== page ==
How tiny toxic plastic particles are ending up in your food

Here’s a good reason never to buy a six-pack again. We’re talking beer, soda, or anything else that’s held together by those six-pack plastic rings.

Since they were invented in the 1960s, it’s safe to say those rings have killed tens of thousands of sea animals, mostly by entrapping them. In 1994, the EPA stepped in and mandated that all ring carriers sold in the U.S. be degradable.

Many manufacturers now make rings that are photodegradable, which means they break down in the light. One such manufacturer claims it takes only three to four months for the rings to break down.

Problem solved? Not by a long shot.

When these rings, and other plastic trash, break down — they never really go away.

They become tiny particles that present an even bigger problem. They’re just the right size to become food for those sea animals and other creatures who absorb BPA and phthalates, the toxins found in plastics. Can you guess what happens next? Those toxins are passed straight on to us on our dinner plates.

And the problem is growing.

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Microplastic: the poison that travels far

Microplastic is defined as pieces of plastic that are less than 5mm in size. Think confetti, or sprinkles on your ice cream. They’re that small, and they travel fast. And far.

In 2017, researchers from the University of Aberdeen sent a remotely-controlled vehicle into the Mariana Trench, the “Mount Everest of the oceans.” It’s the farthest you can get from any human source of pollution.

They didn’t go in search of pollution, but that’s exactly what they found. The vehicle returned with crustaceans carrying levels of PCB up to 50 times greater than crustaceans living in some of the most polluted rivers in the world.

Unbelievable, isn’t it?

Well, remember those sea creatures? They’re not the only ones eating microplastic. There are other animals busy transporting the toxins found in plastic all over the world, and right onto our dinner plates.

How poison travels up the food chain

A new study conducted by British and Irish researchers demonstrated that insects eat microplastics and carry them through the air. Not only that, but microplastics and their toxins survive from the larva stage right through the adult insect stage.

The researchers inserted two microscopic particles of polystyrene into young mosquitoes and observed the creatures throughout their life cycles. They found that the particles were still in the mosquitoes’ systems as they passed through each life cycle stage and became flying adults.

A wide range of fish and animals eat mosquitoes and suffer the same toxic effects of BPA and phthalates as we do.

Chelsea Rochman, a post-doctoral researcher at the University of California Davis School of Veterinary Medicine, compared three groups of Japanese medaka, a species of fish often used in lab studies.

One group of fish received commercial fish food, another received 90 percent fish food and 10 percent clean plastic particles, and the third received 90 percent fish food and 10 percent plastic particles that had been floating in San Diego Bay for three months.

Both plastic-eating groups had low levels of glycogen in the liver, replaced by the excess fat that precedes fatty liver disease.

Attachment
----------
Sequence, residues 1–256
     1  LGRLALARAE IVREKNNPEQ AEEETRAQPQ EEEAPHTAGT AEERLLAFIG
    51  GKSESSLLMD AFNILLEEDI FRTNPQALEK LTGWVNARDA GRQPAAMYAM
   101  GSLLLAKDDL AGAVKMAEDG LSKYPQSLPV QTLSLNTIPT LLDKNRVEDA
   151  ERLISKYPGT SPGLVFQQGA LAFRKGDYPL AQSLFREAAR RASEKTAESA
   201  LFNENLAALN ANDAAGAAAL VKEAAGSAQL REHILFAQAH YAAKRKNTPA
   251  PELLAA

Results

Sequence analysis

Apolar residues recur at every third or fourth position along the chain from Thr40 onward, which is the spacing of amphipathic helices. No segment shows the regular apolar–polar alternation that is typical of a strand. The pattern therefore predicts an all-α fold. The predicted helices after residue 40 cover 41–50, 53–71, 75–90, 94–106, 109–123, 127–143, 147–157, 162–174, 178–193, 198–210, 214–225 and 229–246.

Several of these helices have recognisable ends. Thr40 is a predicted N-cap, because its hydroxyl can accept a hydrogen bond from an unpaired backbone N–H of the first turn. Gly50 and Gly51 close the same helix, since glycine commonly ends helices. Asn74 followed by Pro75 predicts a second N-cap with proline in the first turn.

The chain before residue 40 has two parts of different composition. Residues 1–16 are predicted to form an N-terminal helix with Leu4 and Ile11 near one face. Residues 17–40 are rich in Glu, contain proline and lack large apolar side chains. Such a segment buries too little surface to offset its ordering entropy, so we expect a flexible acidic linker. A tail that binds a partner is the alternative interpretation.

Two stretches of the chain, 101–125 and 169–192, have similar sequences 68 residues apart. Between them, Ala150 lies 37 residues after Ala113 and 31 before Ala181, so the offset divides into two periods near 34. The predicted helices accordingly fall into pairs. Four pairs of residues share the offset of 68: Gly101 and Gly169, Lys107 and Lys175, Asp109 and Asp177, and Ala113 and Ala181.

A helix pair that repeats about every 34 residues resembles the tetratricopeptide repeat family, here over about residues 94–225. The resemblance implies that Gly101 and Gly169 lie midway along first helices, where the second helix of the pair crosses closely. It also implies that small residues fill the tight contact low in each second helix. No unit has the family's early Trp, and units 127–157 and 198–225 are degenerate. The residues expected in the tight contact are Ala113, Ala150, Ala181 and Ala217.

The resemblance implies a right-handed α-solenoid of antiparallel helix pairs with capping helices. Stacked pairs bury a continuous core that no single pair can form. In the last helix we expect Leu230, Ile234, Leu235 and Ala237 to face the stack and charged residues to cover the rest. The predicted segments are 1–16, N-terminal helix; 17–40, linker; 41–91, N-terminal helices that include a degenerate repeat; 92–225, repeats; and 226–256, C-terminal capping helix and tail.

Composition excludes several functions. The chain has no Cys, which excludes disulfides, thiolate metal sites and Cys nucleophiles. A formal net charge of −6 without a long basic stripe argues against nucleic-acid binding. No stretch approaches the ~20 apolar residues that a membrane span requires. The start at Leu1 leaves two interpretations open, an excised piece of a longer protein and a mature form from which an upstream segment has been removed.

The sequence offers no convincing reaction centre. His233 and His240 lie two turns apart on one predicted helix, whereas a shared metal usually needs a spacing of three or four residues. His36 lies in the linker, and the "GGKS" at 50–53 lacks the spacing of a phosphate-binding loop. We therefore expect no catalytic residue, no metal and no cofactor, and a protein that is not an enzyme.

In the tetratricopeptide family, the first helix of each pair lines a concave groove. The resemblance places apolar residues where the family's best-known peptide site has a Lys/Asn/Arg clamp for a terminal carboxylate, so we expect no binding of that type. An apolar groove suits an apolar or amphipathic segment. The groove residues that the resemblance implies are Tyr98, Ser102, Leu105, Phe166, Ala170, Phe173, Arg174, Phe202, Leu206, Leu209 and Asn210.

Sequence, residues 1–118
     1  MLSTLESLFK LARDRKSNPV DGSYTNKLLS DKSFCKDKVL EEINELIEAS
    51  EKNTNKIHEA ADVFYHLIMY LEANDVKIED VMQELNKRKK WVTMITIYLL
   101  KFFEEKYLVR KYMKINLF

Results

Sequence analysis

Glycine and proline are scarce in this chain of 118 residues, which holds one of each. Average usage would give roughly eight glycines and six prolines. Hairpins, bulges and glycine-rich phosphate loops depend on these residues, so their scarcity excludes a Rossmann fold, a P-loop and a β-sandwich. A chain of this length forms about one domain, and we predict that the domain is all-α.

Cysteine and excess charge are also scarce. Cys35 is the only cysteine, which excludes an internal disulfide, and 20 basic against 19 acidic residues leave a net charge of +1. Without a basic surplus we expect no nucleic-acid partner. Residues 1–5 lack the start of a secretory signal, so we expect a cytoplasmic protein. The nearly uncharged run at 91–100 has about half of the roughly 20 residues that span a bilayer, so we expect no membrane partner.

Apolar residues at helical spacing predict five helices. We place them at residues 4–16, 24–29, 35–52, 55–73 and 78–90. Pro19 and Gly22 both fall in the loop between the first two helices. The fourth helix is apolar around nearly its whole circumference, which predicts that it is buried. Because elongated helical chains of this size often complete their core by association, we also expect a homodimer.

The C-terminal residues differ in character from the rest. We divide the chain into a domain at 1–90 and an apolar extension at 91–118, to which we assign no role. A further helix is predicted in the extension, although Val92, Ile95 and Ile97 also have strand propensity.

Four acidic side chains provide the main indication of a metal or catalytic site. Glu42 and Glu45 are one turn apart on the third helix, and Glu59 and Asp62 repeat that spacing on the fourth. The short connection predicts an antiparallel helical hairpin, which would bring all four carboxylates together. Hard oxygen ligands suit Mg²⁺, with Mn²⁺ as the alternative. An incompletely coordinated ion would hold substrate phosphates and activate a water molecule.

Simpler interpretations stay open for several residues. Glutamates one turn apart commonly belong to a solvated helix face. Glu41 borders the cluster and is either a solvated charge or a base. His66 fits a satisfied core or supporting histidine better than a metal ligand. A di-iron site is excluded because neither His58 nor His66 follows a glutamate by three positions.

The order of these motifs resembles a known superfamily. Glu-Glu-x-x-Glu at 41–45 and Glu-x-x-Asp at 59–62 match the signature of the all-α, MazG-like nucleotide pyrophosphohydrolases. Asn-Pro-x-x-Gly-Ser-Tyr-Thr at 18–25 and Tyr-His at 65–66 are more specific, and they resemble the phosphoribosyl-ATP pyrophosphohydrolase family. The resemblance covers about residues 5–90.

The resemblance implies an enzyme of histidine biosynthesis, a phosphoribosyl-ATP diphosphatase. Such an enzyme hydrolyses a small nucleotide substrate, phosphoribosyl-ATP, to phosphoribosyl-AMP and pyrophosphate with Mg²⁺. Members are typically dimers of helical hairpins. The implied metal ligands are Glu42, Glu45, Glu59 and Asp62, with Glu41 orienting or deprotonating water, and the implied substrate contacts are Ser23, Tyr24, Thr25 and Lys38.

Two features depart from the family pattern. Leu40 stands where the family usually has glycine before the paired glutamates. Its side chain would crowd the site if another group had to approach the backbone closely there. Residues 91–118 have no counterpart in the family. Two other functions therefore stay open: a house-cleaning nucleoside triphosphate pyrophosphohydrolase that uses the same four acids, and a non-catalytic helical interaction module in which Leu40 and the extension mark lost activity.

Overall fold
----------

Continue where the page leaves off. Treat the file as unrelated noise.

Even more ominous, both plastic-eating groups had tumor development. Those fed clean plastic had changes in their cells, but those who ate dirty plastic experienced cell death.

It doesn’t take much to figure out what eating fish who’ve eaten plastic will do to us.

How to avoid eating microplastics

Seafood and shellfish are by far the food source most highly contaminated with microplastics.

But so many other things we eat and drink are, too, that it’s almost impossible to avoid.

Drinking water, beer, even vegetables are contaminated with plastic and the chemicals they contain.

For example, leafy greens grown in plastic greenhouses have been shown to have higher levels of endocrine-disrupting phthalates.

There are certain things you can do to lower your risk:

  1. Buy organic. Even better, know the source. If you can gain access to local farmers and fishermen, you stand a better chance of finding cleaner food.
  2. Use a water filter. It may not get rid of everything, but it will rid your water of a lot of contaminants.
  3. To avoid the microplastics in salt, use pink Himalayan rock salt.
  4. If you’re a beer drinker, try local breweries and look for one that uses filtered water.
  5. Consider cleansing and EDTA chelation to help your body purge these poisons.

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Sources:

  1. Flying Insects can Carry Microplastics Through the Air, Study Shows — Natural Society
  2. Fish Eat Plastic from Polluted Oceans, Travels up Food Chain & Harms Humans — Natural Society
  3. New Research: Lab Fish Fed Plastic More Likely To Develop Tumors, Liver Problems — Oregon Public Broadcasting
  4. One overlooked source of phthalate exposure – oral intake from vegetables produced in plastic greenhouses in ChinaScience of the Total Environment
  5. Beer, Drinking Water And Fish: Tiny Plastic Is Everywhere — NPR
  6. Shocking Pollution Levels Discovered in the Mariana Trench — Natural Society

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Joyce Hollman

By Joyce Hollman

Joyce Hollman is a writer based in Kennebunk, Maine, specializing in the medical/healthcare and natural/alternative health space. Health challenges of her own led Joyce on a journey to discover ways to feel better through organic living, utilizing natural health strategies. Now, practicing yoga and meditation, and working towards living in a chemical-free home, her experiences make her the perfect conduit to help others live and feel better naturally.